Shakeia Taylor: ‘I’m a big Caleb believer.’ Hope blooms once again for Bears fans.

CHICAGO — Just as the tulips blooming around Chicago every spring bring the promise of summer, this year’s NFL draft seemed to bring the promise of change for Bears fans.

As the saying goes, hope springs eternal.

Thursday night while the front office assembled at Halas Hall, prepared to take USC quarterback Caleb Williams with the No. 1 pick, fans assembled at Soldier Field buzzed with excitement.

One fan dropped down as if he was doing a push-up and kissed the stadium grass.

“This is where (Williams) and the Bears are gonna lead us to the playoffs,” he said before moving on to participate in the quarterback skills game setup on the field.

Adults and children alike ran, played and took selfies as they eagerly awaited the official start of the draft event in Detroit. Party anthems blasted through the stadium and fans lined up to participate in games and take pictures with the team’s mascot, Staley Da Bear.

Among a sea of navy and orange jerseys, a few USC cardinal and gold No. 13 jerseys stood out. Despite the wintry feel in the stadium, fans were grinning and bearing it. Unlike the home games played a few months ago here, this time it seemed worth it.

Jake Schleicher, 26, of Frankfort has spent much of his life watching the Bears lose.

“I’m a big Caleb believer and I think he’s gonna be the bomb,” he told the Chicago Tribune. “Just give him some time. He’s gonna be great. I’ve been waiting for something like this for a long time. I really hope it works out.”

Schleicher, trying to temper his expectations somewhat, said for Williams’ first season, he’d like to see the Bears win nine games and make a playoff push.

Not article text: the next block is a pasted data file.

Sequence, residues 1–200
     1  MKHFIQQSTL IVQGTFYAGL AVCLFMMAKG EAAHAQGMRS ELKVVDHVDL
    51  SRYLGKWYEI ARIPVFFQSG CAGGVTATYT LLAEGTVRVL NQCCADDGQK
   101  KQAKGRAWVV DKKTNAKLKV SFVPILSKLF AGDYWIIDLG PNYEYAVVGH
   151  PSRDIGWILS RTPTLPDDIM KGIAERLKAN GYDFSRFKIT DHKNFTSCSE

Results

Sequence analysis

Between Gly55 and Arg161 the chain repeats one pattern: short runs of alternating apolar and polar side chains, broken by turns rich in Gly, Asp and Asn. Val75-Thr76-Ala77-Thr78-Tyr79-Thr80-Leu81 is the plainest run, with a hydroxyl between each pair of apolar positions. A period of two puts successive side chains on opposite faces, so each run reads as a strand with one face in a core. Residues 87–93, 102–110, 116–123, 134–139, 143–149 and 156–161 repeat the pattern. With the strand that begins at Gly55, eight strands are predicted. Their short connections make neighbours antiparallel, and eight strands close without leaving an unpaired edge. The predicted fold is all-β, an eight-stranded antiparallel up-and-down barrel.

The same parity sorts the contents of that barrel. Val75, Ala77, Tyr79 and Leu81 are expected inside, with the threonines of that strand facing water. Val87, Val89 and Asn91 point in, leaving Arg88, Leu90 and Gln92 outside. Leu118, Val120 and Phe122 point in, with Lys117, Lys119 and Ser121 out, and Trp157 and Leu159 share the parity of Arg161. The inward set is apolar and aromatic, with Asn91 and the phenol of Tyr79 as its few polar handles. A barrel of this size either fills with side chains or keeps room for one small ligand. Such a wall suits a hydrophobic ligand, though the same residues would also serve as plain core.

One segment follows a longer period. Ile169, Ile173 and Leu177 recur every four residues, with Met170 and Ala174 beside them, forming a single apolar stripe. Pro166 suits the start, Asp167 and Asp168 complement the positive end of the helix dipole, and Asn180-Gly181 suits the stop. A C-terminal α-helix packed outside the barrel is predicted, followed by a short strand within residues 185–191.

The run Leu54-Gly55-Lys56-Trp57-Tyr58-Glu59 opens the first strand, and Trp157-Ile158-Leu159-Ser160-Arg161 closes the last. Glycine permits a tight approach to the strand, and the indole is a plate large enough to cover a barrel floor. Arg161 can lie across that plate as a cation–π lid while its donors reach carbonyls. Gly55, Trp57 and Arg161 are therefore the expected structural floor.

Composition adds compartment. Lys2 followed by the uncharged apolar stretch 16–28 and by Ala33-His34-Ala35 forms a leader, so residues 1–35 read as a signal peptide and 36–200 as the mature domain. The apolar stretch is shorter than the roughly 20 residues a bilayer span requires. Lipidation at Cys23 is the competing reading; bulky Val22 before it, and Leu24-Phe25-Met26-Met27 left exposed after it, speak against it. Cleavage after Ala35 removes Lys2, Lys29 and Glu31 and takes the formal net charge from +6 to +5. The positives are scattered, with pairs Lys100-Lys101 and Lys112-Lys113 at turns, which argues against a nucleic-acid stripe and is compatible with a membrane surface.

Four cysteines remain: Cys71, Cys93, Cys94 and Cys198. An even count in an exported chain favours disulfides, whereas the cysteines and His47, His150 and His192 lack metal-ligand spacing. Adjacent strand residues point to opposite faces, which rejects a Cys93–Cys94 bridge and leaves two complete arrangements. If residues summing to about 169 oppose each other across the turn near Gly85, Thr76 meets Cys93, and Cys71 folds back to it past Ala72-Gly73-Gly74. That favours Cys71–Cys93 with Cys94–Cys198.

Darren and Stephanie Ballard of Mokena, also lifelong Bears fans, attended the draft party with their friend David Bresnahan. The three were excited about the potential coming to the team with the first-round picks and looking forward to hanging out for games next season.

“I think (Williams) is going to be awesome. He’d be the best quarterback we’ve ever had — hopefully,” Darren said smiling.

“I think it’s going to be a big turning point. I believe the Bears know what they’re doing and they know what they want to do,” Bresnahan, a fan of 59 years, added. “This is our chance to go to the playoffs even though we’ll have a rookie quarterback. I actually believe this would be our best chance. I’m ready to shake our losing reputation.”

After two hours of growing anticipation, the moment finally arrived. All of the TVs on the concourse and video boards above the field were tuned to ESPN. All eyes turned to the screens and the music was silenced. For a moment, you could have heard a pin drop.

When the Lions, the draft city’s host team, were shown, the stadium booed – because even in a celebration, there’s time for hating a division rival.

As NFL Commissioner Roger Goodell appeared on the screen again, the stadium quieted once more. Cameras and phones were held in the air. A few fans next to me began to quietly whisper-chant Williams’ name. A young girl behind me, clearly tired of waiting, turned to her dad and asked, “Is it time?”

It was time.

Goodell said the words they’d been waiting to hear, “With the first pick in the 2024 NFL draft, the Chicago Bears select Caleb Williams, quarterback, Southern California.”

As Williams cheered and yelled as he approached the stage, so did the fans assembled on a cold Thursday night in Chicago. They were handshakes, high fives and hugs. Some of those tears might not have been from the crisp air, but they’ll never tell.

Eight picks after saying Williams’ name, Goodell returned to the podium with the No. 9 pick from the Bears: Washington wide receiver Rome Odunze. He’ll be another offensive weapon for the rookie QB and another bright spot for fans.

Like those tulips across the city, hope has bloomed once again at Soldier Field.